Dr Harveer Dev and Dr Jorge de la Rosa have received separate awards to tackle prostate cancer in different ways, coming through a tough application process which included patient and expert reviews.
Harveer Dev is an academic urologist and member of the Urological Malignancies Programme. He cares for prostate cancer patients in the clinic but also conducts cutting-edge scientific research in the lab. His research is aiming to understand why some prostate cancer patients are resistant to treatment and how to overcome this.
Harveer will use the new funding award to create an exciting new tool called ProCASP which is a prostate cancer CRISPR-Cas9 dynamic screening platform. He will work with fellow Centre members Charlie Massie, Vincent Gnanapragasam and Steve Jackson to establish the new platform.
Once established it is hoped this will enable the identification, stratification and early intervention of early high-risk prostate cancers.
“We are very excited about this exciting cross-disciplinary study, that will hopefully enable us to learn about fundamental biological processes operating within prostate cancer, and move us a step closer towards delivering personalised care,” said Harveer.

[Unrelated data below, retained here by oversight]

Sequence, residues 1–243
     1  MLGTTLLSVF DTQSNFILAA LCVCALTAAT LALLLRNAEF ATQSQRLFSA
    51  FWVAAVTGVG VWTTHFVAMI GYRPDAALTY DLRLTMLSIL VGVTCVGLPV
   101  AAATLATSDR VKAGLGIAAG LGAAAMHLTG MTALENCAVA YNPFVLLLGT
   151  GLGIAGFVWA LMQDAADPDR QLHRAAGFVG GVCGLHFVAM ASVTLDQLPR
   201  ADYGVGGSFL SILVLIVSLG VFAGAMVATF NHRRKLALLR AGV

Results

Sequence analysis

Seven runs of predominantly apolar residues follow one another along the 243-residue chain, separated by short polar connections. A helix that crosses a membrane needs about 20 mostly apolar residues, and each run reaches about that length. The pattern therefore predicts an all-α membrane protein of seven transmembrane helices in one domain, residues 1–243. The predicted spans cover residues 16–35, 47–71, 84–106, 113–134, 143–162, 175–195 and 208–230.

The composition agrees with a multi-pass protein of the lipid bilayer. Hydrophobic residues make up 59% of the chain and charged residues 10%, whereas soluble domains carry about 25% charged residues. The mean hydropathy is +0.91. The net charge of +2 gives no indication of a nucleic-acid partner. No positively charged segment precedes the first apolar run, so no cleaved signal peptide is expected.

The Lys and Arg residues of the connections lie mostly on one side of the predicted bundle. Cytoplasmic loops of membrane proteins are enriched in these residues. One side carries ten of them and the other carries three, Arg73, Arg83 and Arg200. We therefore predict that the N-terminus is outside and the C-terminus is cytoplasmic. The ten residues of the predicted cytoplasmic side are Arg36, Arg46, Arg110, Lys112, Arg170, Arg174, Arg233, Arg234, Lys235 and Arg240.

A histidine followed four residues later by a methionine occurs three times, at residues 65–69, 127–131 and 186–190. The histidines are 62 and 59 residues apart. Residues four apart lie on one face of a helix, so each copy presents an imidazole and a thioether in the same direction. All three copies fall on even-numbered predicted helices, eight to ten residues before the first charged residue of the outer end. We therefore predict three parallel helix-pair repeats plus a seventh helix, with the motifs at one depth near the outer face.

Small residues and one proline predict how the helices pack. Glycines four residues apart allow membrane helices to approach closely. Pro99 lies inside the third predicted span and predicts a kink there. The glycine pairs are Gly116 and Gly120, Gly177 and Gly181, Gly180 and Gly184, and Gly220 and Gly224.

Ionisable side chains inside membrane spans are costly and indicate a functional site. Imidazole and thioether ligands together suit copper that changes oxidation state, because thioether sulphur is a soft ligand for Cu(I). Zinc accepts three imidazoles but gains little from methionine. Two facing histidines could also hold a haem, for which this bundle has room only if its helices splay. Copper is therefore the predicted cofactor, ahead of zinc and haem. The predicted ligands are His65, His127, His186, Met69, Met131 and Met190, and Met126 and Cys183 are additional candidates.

Jorge de la Rosa has received a PCRC Pilot Award to develop new genetic tools that will mimic the development of human prostate cancer.
Prostate cancer kills 30 people a day in the UK, and could kill 50 men a day by 2035.
The awards are part of a larger, £2.3 million investment in research by PCRC. The prostate charity focuses on funding research and innovation into prostate cancer, particularly advanced prostate cancer, which is what kills.
The recent funding injection will boost the amount spent on prostate cancer research in the UK by 10% at a time when overall prostate cancer research funding is decreasing, even though the disease is likely to affect more and more men in coming years.
Dr Naomi Elster, PCRC’s Research Manager, said “Cambridge has a long-standing, international reputation for excellent science, and these two projects will only add to that. Learning more about how PTEN drives cancers to grow and spread and about which men are most likely to respond well to drugs which damage cancer DNA could make big improvements to how we treat prostate cancer.”